UK props up poor Brazilian melon campaign

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Maura Maxwell

BY MAURA MAXWELL

@maurafruitnet

UK props up poor Brazilian melon campaign

Contrasting fortunes between UK and European market highlights need for more cohesive marketing strategy on the continent

UK props up poor Brazilian melon campaign

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An improvement in the quality of Brazilian melons is driving sales in the UK and keeping prices buoyant, according to Terry Watts, managing director of Dartford-based importer Vidafresh.

Speaking to Fruitnet, he said the four-year drought in Brazil’s main melon growing region was forcing companies to find new production areas with access to water in order to maintain continuity of supply. “While this has impacted on their costs it has had a positive effect on fruit quality,” Watts said.

Describing eating quality as the key to developing sales within the category, he claimed the company’s ongoing trials of new varieties with its selected grower-partners continued to deliver improvements for consumers.

“No matter how a fruit is presented, if consumers don’t like it they won’t buy it – it’s all about consumer satisfaction and that is our main focus,” he said.

Vidafresh is the UK’s largest importer of Brazilian and Central American melons and one of only a handful of players in the winter melon market, a fact that Watts credits for the category’s consistent performance.

“I would say the melon category has performed well considering how challenging it is in the High Street,” Watts noted.

By contrast, prices on the European winter melon market have plummeted in recent weeks due to excess volumes and a lack of coordination among importers and exporters. Describing the situation as “a complete and unmitigated disaster”, Watts claimed too much fruit in too many hands was the main reason for the low prices.

“While there are a number of good, professional Dutch melon importers, there are also far too many speculators involved in this current Brazilian season and they are all dealing with the same exporters,” he said.

Watts noted that independent growers in Brazil were exacerbating the problem because they did not have a cohesive marketing strategy in place for the Continental sales.

“There needs to be a consolidation of importers to put some level of control and stabilisation back in the market because our industry is no different to any other – it’s all about supply and demand,” he said, adding that the situation "could have been much worse had it not been for the mild weather, which has helped stimulate demand".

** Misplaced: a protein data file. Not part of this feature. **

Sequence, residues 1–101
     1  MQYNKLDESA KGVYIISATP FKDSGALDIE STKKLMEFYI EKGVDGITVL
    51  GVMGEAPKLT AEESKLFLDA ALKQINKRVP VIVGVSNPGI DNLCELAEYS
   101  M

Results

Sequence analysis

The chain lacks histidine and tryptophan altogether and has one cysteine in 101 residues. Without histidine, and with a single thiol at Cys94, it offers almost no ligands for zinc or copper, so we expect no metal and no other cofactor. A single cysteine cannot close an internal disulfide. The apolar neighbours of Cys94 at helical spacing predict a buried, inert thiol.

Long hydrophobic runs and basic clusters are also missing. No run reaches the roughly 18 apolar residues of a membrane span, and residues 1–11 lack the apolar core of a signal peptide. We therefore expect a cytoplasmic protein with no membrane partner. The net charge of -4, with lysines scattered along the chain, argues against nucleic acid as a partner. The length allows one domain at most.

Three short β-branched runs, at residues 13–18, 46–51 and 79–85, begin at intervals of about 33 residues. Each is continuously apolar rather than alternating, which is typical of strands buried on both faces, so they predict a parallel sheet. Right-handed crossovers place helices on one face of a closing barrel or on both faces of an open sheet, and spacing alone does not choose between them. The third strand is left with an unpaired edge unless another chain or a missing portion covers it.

Adriana Prado of leading supplier Itaueira said the huge volume of melons has created high stock levels, with fruit quality suffering the longer it is left in storage.

“Fortunately, as we deal with the premium market, our prices are holding up a little better, while the exchange rate has prevented this season from being a complete disaster,” she said.

Meanwhile, planting is just getting underway in Central America, where Watts said recent rainfall would likely lead mean the season starting around a week later than usual. Although there has been speculation that production will be down this year, he is confident that volumes will be maintained.

“Having recently visited many farms in the region I anticipate the same volume as last season but with a firm focus on quality because last season’s quality was poor which resulted in growers and importers alike suffering badly,” he said.

Vidafresh is about to start its second season importing melons from the Dominican Republic and Watts said the company continues to search for new supply sources “to strengthen our established, wide and diverse grower base to meet the demands and expectations of our expanding client base”.

Meanwhile, Vidafresh continues to develop its pineapple and citrus business supplying leading retailers and fresh-cut companies in the UK. The company recently opened an office at distribution company Turners (Soham) Ltd in Suffolk where its technical and quality assurance team is now based.

 

 

 

 

 

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